Anger turns to anxiety in debt crisis
WASHINGTON (AP) — Anger at the nation's leaders for taking so long to strike a debt-ceiling deal has turned into high anxiety over jobs and the economy amid growing fears of a new recession.
The news that credit rating agency Standard & Poor's downgraded the nation's credit rating a notch for the first time ever only added to the tension.
The darkening clouds come in what should have been a good week for President Barack Obama. After all, he and Republican leaders finally ended a months-long game of brinkmanship with a bipartisan agreement to raise the government's debt ceiling and to trim spending.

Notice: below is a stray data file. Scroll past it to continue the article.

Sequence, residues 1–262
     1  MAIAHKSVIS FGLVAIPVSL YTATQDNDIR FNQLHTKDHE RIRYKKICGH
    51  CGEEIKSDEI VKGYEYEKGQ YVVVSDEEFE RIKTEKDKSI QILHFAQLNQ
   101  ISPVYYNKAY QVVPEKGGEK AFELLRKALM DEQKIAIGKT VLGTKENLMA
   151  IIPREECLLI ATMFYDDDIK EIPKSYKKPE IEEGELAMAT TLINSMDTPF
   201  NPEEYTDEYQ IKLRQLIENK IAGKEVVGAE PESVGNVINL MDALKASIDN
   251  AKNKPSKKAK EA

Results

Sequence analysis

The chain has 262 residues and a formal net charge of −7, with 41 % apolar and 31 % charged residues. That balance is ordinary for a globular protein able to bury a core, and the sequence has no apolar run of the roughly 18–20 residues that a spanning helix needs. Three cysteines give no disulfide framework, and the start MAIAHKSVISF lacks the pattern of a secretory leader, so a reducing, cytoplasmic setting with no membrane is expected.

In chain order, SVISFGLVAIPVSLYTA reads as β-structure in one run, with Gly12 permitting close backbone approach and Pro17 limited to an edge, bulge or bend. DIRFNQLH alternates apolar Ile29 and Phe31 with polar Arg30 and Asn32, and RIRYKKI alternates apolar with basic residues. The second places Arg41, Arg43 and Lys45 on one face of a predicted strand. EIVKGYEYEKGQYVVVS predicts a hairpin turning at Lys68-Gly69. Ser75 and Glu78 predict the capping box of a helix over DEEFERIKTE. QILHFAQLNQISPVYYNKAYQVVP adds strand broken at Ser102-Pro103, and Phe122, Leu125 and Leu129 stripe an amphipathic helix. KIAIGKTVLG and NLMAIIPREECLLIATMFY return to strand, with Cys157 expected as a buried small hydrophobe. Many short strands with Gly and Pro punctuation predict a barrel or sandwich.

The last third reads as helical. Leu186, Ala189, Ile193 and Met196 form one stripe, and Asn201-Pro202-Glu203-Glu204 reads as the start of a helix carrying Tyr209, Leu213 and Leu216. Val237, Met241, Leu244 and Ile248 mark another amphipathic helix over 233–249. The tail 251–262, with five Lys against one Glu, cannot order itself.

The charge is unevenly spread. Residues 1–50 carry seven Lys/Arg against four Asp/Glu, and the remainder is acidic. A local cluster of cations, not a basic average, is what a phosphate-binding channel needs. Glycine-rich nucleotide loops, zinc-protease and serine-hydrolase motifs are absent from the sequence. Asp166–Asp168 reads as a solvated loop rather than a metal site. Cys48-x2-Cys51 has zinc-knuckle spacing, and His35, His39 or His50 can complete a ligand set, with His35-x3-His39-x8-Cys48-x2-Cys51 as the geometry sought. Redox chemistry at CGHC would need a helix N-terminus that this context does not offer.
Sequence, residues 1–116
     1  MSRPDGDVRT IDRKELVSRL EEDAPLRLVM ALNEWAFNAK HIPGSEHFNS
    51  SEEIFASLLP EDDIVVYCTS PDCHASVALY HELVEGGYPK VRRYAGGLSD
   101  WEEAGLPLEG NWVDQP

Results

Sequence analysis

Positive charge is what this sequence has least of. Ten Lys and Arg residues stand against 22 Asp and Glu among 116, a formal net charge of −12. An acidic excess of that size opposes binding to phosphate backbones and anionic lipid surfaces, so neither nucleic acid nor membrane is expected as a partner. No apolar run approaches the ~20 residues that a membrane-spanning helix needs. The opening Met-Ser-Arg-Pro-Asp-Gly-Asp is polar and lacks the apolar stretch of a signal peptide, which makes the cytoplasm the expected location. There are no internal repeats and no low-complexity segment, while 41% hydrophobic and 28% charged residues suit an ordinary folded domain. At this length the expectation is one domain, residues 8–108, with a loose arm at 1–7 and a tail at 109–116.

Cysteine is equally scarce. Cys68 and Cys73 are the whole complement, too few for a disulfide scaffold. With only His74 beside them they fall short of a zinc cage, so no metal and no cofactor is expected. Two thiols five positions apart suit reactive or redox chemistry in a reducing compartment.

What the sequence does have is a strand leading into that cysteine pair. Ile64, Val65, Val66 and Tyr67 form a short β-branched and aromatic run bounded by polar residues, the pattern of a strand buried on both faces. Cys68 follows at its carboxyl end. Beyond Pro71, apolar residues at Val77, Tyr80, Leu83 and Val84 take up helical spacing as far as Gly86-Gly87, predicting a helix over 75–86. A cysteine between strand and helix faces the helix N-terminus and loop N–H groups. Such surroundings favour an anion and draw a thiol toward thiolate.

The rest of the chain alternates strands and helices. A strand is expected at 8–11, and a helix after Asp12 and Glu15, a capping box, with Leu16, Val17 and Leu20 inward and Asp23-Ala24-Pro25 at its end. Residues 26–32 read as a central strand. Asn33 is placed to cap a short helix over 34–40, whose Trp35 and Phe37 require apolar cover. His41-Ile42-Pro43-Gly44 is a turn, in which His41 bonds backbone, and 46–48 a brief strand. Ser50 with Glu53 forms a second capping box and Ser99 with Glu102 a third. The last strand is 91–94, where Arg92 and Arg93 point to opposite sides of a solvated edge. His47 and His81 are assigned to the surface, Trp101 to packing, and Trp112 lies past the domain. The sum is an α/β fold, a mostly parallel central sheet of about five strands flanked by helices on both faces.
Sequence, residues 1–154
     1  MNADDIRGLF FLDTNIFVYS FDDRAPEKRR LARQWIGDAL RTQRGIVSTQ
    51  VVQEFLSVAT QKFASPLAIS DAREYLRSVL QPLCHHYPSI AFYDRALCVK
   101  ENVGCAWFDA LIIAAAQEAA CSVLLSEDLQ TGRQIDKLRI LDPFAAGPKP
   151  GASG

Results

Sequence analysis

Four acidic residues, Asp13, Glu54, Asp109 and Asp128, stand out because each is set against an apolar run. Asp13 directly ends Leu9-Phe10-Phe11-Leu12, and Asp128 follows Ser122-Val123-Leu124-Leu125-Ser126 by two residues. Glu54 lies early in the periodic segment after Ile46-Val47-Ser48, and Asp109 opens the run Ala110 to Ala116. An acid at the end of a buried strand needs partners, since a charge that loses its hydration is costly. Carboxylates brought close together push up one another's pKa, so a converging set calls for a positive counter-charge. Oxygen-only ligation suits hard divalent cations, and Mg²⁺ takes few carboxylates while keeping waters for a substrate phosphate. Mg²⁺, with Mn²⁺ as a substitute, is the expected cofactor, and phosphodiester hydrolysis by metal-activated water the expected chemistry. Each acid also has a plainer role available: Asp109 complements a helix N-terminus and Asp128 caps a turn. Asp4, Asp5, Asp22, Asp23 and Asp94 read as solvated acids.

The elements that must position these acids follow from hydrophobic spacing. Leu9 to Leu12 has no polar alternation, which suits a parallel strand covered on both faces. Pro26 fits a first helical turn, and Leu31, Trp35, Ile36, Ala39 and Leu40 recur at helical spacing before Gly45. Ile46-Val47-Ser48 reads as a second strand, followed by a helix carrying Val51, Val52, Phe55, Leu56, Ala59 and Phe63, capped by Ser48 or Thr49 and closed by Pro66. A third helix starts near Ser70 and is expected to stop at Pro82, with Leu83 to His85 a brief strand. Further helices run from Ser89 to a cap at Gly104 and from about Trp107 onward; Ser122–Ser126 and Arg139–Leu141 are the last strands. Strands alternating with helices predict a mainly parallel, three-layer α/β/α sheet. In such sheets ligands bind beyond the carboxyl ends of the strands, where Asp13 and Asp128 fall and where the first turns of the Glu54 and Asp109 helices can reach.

The deal kept the government from beginning to run out of cash last Tuesday, averting a first-ever U.S. default and a possible global financial meltdown.
And there was a relatively good jobs report on Friday.
But applause for the debt-limit deal or the increase in jobs never came.
In fact, stock markets around the world tumbled during the week as grim new economic figures suggested the U.S. recovery has stalled and as debt default tensions climbed in Europe.
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